Welsh police and the mother of murdered backpacker Kirsty Jones have met Foreign Office chiefs in a fresh attempt to track down her killer.
Kirsty Jones was on a lone backpacking trip
The 23-year-old, from Tredomen, near Brecon, was killed on 10 August, 2000, at a guest house in Thailand.
The meeting, described as "positive," could lead to more co-operation between Dyfed-Powys Police and the Royal Thai Police (RTP), claimed one Welsh officer.
He said the RTP had set up a new team to investigate the death.
But there are still no leads in the hunt for the killer, who remains at large.
Kirsty's mother Sue Jones said: "We are still working closely with the Foreign Office and Dyfed-Powys Police.
"We're hoping something positive will come out of the meeting we had in London, but things are still moving very slowly."
Chief Insp Steve Hughson added: "Dyfed-Powys Police are still actively involved in the case and on Thursday last week Sue Jones, former DPP officer Steve Wilkins, who is now with the National Criminal Intelligence Service, and I travelled to London to meet officials from the Foreign and Commonwealth Office.
"The meeting was to decide a strategy to take the matter forward.
"It was a positive meeting with a good outcome which will hopefully lead to a successful conclusion to the case.
"Without giving too many details away, we could co-operate with the Royal Thai Police again in the future to help them bring about a successful conclusion to the case.
"But we recognise that the Royal Thai Police have jurisdiction."
Chief Insp Hughson, who is based in Llandrindod Wells, added that detectives had the DNA profile of Kirsty's killer.
Kirsty's parents have been frustrated by the lack of progress
"We will always have this piece of the killer and it's just a matter of matching it up with some one in Thailand," he said.
"We were told by Foreign Office officials that a new investigation team was put in place in March.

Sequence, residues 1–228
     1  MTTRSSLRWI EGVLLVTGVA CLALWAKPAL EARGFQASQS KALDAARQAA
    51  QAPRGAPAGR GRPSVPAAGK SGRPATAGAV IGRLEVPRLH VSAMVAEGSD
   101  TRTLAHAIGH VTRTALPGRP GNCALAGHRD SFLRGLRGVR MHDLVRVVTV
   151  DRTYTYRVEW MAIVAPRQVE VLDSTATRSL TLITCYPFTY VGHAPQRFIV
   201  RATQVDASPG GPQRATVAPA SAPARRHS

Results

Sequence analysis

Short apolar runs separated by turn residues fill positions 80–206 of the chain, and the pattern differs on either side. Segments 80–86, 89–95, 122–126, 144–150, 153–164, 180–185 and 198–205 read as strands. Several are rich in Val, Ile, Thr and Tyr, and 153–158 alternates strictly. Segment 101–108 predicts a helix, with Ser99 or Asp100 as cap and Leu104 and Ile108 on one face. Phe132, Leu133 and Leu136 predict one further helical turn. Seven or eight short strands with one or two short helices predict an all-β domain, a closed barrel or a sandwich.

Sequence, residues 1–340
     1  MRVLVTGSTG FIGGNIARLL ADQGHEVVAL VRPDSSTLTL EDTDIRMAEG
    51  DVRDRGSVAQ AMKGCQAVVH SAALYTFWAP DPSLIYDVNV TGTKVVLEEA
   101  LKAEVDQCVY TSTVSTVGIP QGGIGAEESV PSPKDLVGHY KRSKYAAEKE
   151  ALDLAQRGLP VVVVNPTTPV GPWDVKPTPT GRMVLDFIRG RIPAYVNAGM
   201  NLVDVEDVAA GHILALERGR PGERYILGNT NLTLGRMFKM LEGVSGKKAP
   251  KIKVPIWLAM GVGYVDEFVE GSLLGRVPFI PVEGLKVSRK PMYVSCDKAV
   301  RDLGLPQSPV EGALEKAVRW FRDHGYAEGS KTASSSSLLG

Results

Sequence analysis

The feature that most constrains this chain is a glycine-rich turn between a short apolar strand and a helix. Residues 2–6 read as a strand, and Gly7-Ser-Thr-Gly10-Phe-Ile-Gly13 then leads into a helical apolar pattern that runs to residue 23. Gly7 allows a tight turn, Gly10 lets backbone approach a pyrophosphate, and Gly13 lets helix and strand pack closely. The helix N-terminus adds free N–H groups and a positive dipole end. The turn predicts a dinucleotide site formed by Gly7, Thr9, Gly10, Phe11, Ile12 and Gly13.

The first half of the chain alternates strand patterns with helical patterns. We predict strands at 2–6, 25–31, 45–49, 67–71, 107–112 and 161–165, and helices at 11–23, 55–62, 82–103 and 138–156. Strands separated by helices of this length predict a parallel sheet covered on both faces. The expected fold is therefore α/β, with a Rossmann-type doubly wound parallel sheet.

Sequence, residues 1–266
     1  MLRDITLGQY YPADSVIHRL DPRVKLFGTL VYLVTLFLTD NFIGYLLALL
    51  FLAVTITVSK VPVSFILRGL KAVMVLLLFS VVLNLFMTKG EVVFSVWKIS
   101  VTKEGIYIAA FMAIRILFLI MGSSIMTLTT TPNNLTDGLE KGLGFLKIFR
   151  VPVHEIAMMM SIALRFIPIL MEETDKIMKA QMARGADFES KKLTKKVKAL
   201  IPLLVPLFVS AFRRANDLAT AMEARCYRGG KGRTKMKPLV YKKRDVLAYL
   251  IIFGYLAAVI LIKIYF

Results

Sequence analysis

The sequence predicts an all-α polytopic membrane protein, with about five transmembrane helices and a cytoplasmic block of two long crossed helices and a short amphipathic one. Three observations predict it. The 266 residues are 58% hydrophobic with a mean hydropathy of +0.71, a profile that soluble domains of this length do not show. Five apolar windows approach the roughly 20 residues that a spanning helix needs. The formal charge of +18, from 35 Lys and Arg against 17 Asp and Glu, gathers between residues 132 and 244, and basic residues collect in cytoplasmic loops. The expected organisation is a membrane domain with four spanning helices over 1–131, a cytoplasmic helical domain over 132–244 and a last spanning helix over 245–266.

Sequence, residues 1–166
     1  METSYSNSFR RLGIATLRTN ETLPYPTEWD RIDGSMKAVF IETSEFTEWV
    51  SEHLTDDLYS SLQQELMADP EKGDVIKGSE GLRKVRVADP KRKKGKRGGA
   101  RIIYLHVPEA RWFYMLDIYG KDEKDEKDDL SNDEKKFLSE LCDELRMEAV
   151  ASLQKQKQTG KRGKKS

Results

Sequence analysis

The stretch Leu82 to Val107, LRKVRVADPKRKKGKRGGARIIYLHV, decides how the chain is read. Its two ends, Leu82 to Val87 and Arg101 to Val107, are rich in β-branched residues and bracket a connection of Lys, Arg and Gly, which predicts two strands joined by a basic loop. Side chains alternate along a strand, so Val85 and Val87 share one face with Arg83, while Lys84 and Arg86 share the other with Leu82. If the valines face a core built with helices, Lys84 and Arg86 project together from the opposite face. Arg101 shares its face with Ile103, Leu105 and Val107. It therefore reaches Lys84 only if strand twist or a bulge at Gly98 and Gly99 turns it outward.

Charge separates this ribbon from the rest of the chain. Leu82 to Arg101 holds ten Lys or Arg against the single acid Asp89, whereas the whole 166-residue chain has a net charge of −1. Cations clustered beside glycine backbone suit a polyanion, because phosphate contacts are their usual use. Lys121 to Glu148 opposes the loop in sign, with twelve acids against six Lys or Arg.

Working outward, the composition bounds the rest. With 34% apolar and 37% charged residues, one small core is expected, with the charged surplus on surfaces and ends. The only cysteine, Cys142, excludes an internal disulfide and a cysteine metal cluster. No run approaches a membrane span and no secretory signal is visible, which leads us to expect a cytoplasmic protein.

"We are not close to solving the murder, but the meeting was designed to keep the case on the political and Thai police's agenda.
"Our thoughts are still with the Jones family and we have maintained contact with them."
The Foreign and Commonwealth Office refused to release details about the meeting.
However, a spokeswoman said that the department continued to provide assistance to the Jones family and maintained contact with the RTP.
Kirsty was three months into a two-year trip around the world when she was raped and murdered in the Aree guesthouse in Chiang Mai, in northern Thailand.
A number of men have been arrested but released without charge.
Last year, Dyfed-Powys Police officers were asked to interview a number of key witnesses in Britain, and international crime agency Interpol carried out a worldwide search of DNA databases.
The force first became involved in the investigation in September 2001 after Kirsty's family became frustrated at the way Thai police were handling the hunt.
Not long after Kirsty's murder, the RTP arrested British-born guesthouse owner Andrew Gill after releasing a number of other suspects.
But he had always vehemently denied any involvement in Kirsty's death and was subsequently released without charge.
DNA tests on 11 suspects had ruled them out of any direct involvement in her death, leaving Thai authorities with no real suspect.